A Great Spotted Woodpecker flying over, a male Whinchat on the roadside fence, a male Wheatear on a stone wall and a male Reed Bunting were all seen and Willow Warbler, a Redstart and a Garden Warbler were all heard singing but I spent most of my time looking down at the ground and not at the birds.

A Keeled Skimmer, a pair of Beautiful Demoiselle, Large Red Damselfly and "Blue" Damselfly were also seen buzzing around in the grass.

Keeled Skimmer

We carried on to nearby Grimspound for a look about, I've visited here once before many years ago but remember very little about it. The views were stunning from its hillside position despite being exposed to the full force of the wind and I saw a few Wheatear flying around before we headed onwards to The Warren House Inn for a lunch of rabbit pie and a warm up by their ever burning log fire.

Grimspound Prehistoric Village
I had the day to myself on Thursday 9th June and had planned to visit Roborough Down for a walk. The weather forecast wasn't looking great so I nearly changed my mind but as it was sunny when I awoke in the morning I decided to just go for it anyway. By the time I arrived at Yelverton to start my walk  it had totally clouded over and by the time I finished my walk at The Dartmoor Diner where I met David and his Mum for lunch it was chucking it down with rain but I enjoyed the walk in between.

Just one butterfly was seen in the cool and cloudy conditions, a Small Heath disturbed from the grass as I walked by. Heath Spotted Orchids were in flower but were smaller and weedier looking than those seen the previous day at Challacombe Farm. A Purple Bar moth was found around the toilet block lights at Yelverton and a Common Carpet was disturbed from the pathside vegetation.

Heath Spotted Orchid 

Birding was slow as I dawdled along but Willow Warbler, Chiffchaff and Blackcap were heard singing while 2 Swift and 2 Swallow were seen overhead. A pair of Yellowhammers, Stonechats with fledglings, a Mistle Thrush feeding on the Yelverton  Cricket Club pitch, a Buzzard, 2 adult Lesser Black-backed Gulls flying over with adult Herring Gulls and 2 songflighting Whitethroats were also seen.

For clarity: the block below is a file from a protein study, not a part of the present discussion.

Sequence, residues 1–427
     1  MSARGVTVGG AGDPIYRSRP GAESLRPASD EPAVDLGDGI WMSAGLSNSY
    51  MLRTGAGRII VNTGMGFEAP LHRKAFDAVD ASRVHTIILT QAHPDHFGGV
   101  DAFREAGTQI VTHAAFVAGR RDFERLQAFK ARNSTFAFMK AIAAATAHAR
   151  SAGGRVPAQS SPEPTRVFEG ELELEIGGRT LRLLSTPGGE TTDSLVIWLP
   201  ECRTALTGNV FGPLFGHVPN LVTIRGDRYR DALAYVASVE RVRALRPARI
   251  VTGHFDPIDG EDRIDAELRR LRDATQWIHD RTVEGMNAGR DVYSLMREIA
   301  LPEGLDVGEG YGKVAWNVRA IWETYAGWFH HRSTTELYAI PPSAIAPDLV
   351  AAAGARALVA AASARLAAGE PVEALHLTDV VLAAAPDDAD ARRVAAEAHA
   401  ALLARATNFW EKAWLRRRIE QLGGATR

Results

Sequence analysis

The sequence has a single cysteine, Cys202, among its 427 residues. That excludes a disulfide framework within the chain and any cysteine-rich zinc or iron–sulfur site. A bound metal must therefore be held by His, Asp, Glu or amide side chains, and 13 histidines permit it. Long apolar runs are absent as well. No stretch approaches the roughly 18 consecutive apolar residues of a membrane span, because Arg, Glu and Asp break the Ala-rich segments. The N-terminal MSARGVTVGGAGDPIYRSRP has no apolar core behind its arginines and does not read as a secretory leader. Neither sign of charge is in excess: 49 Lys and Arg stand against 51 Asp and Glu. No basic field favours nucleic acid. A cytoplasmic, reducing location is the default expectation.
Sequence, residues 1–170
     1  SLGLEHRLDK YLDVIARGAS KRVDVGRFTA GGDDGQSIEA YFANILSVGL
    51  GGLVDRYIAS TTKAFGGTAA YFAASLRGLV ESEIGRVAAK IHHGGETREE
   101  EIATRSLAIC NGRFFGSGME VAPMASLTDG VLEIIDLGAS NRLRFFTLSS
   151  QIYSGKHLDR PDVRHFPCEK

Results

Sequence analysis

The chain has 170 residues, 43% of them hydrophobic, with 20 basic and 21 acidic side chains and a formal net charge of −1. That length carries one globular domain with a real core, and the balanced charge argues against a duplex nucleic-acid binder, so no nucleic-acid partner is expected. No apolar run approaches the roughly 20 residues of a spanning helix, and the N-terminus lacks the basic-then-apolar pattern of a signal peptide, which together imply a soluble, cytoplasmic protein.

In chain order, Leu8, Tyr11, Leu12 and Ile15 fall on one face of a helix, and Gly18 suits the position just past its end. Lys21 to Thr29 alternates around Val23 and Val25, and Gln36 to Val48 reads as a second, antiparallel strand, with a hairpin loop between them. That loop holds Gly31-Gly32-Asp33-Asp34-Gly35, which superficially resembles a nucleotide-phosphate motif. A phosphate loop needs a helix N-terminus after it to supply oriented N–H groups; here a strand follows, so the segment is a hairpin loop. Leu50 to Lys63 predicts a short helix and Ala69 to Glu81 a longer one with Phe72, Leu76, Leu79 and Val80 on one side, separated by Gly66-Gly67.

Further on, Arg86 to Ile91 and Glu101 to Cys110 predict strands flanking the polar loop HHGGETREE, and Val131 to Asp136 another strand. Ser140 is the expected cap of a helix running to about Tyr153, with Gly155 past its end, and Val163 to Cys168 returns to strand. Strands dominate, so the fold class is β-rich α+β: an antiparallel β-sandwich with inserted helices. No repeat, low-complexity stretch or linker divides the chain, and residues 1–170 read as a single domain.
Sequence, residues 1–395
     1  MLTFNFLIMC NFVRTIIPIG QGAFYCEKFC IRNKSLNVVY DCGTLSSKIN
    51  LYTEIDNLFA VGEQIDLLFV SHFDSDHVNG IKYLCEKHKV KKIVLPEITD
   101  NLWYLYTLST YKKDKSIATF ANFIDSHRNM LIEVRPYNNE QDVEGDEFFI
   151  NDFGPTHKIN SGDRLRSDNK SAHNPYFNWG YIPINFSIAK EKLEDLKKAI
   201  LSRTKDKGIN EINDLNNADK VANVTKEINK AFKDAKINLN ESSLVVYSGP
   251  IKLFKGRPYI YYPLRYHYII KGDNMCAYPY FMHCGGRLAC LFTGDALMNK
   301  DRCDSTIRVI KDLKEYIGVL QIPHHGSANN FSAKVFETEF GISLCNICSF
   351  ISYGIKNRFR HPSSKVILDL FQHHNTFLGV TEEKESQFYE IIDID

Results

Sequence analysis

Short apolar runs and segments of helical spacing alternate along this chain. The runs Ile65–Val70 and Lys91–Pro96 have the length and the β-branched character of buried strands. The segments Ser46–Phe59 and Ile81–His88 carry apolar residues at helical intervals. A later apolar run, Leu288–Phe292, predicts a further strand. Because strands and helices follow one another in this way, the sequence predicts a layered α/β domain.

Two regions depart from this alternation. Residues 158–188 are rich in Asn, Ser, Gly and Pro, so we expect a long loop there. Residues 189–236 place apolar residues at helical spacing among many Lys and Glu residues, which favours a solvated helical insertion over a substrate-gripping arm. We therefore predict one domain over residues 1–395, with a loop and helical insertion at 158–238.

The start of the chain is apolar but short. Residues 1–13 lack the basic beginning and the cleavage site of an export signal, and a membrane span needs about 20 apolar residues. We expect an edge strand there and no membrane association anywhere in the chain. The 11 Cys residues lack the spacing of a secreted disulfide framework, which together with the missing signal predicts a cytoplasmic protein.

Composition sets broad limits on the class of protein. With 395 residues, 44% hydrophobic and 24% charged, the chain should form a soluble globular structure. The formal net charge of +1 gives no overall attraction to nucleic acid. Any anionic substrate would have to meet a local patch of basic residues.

Friday 10th June and the weather was a complete contrast to the previous day as I headed out to Wembury for a morning walk before yet another 2 looming night shifts. It was dry and sunny and still and by the time I headed back home to Plymouth it was very warm indeed and I was wishing I had worn my shorts. 

It was quiet on the birding front with a Coal Tit in a village garden, a Red-legged Partridge in the horse field, 2 Shelduck asleep on the rocks below The Point and a flyover Kestrel carrying prey in its talons the highlights. 

Chiffchaff, Blackcap and Whitethroat were still singing away but there was no sight or sound of the recent Reed Warbler. Cirl Buntings were seen and heard and fledglings of Pied Wagtail, Stonechat, Blackbird, Blue Tit and Robin were seen. 

The warm weather meant plenty of insect activity was buzzing around. The highlight was a Green Hairstreak on the gorse bushes looking like it was fresh out of its box along with a second individual that looked like it had one foot in its box! Red Admiral, Speckled Wood, Meadow Brown and Large Skipper were also seen along with around 30 Peacock caterpillars feeding on nettles. 

Green Hairstreak

Green Hairstreak

Large Skipper

Large Skippers



A male Beautiful Demoiselle, 2 Common Lizard, Bloody Nose Beetles and Swollen-thighed Beetle were also seen along with caterpillars of Magpie Moth, Lackey Moth, Oak Eggar, Drinker and Depressia daucella. A Shark moth was a nice find too, my first one ever, it was doing a very good impression of a very small Hawkmoth as it rested on the wooden post where I found last years Convolvulus Hawkmoth. 

Magpie Moth

Oak Eggar





It's certainly been an interesting couple of wildlife watching days despite the changeable weather, again I never cease to be amazed by the wildlife available for me to see and enjoy so close to home